1. When one listens to Gordon Brown’s speeches at the G20 Conference then all that he is saying here becomes crystal clear. One World Government is his goal and bringing the US into the European Union, and both the US and Great Britain accepting a world currency is the first step in this process. They did agree to a world wide Global Financial Regulatory Agency. I don’t see even a Democrat controlled Congress going along with any of Obama’s agreements at this G20 Conference, but then I never expected the Democrats and the MainStreamMedia to accept the level of duplicity Obama exhibited on his April European tour either, but almost a week later the only place you can see the picture of The Bow is in overseas paper/TV and the Internet. BB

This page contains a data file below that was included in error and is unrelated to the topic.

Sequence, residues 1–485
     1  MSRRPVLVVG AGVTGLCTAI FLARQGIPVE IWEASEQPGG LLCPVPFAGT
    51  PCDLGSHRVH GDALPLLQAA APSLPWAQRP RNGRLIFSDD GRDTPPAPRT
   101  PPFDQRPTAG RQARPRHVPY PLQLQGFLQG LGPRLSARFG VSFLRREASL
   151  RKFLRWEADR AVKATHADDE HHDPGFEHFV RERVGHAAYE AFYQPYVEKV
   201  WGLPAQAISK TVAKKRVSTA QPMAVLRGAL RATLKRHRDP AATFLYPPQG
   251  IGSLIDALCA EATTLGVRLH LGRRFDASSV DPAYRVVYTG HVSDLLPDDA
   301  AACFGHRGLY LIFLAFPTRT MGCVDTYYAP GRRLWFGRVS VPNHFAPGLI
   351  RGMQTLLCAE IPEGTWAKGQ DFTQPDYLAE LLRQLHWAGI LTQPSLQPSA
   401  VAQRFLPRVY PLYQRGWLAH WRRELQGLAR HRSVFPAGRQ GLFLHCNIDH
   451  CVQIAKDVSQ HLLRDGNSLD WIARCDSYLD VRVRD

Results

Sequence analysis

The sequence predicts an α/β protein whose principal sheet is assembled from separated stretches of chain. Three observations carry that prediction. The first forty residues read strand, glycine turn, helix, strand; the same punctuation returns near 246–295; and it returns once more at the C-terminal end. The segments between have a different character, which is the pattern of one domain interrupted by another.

2. RE: Who is legally due what. Please cite the relavent laws. Since the dawn of civilization the workman has been due his wages, the vendor has been due payment for his goods, and entitlements are paid under laws you must be familiar with. All government spending is authorized by law. I don’t mind a quick trip to the dictionary, but I am not sorting through 60 years of congressional bills to prove that which should be intuitively obvious to the casual observer. Dreading analogies: You are at a meeting providing box lunches. You get one, but the last 10 people in line do not. Did you steal theirs? Two problems here. First, this question would be analogous to asking if Geithner paid the bondholders, then would the bondholders be stealing the funds that were shorted to others. No one is making this argument, so that when I agree that I am not stealing anyone’s lunch, it has no bearing on our actual discussion.Second, if we were to take the extra step of converting your question to the more analogous question of whether the sponsors of the lunch were stealing from the last 10 people in line, we lack the information/assumptions to make this determination. Were the people enticed to the meeting with the promise of boxed lunches? Did they pay for boxed lunches? Was the answer to one of the prior questions yes , compounded by the fact that the sponsors knew in advance that they did not have enough lunches? Given another yes, did the sponsors neglect to make an effort to provide lunches for the last 10 people in line? If so, then yes, the sponsors were stealing. Imagine if Geithner, who has a history of admitting to not doing his job, Irrelevant. fails to placate the bond market, who believe that the USG will default on bond payments. Existing bondolders see the value of their investments plunge. A personal bummer for many, kind of like happened with homeowners. Equality anyone? The market for US debt dries up. Interest rates go up, the cost of re-fi goes up, interest rates on future bonds go up, and there is even less money for SS, defense, medicaire, medicaid, etc. Here is the crux of your argument. You are very fearful about this admittedly bad outcome, and will do anything to avoid it. But if investors see that the USA won’t pay all of its obligations, the credit suffers anyway and all the above still happens. I’ve mentioned this before. You alluded to this yourself in post 108 where you claim that rates are going up because of current slow pay to the military. How long do you think one can retain any standing in the market with the argument that sure, I’m a deadbeat, but I’ll always pay you? If you don’t keep your obligations, people will recognize that you don’t keep your obligations, no matter how badly you wish otherwise.Fortunately, a plurality of the Republicans who are playing you recognize this too. You will soon see Senator Boner recreate the Cleavon Little hostage taking scene from Blazing Saddles. The Tea party will hope he shoots. The stupid/corrupt Democratic party will give him something, and he will back down. Then Reps and Dems will go home with a victory. Rate this comment: 0 0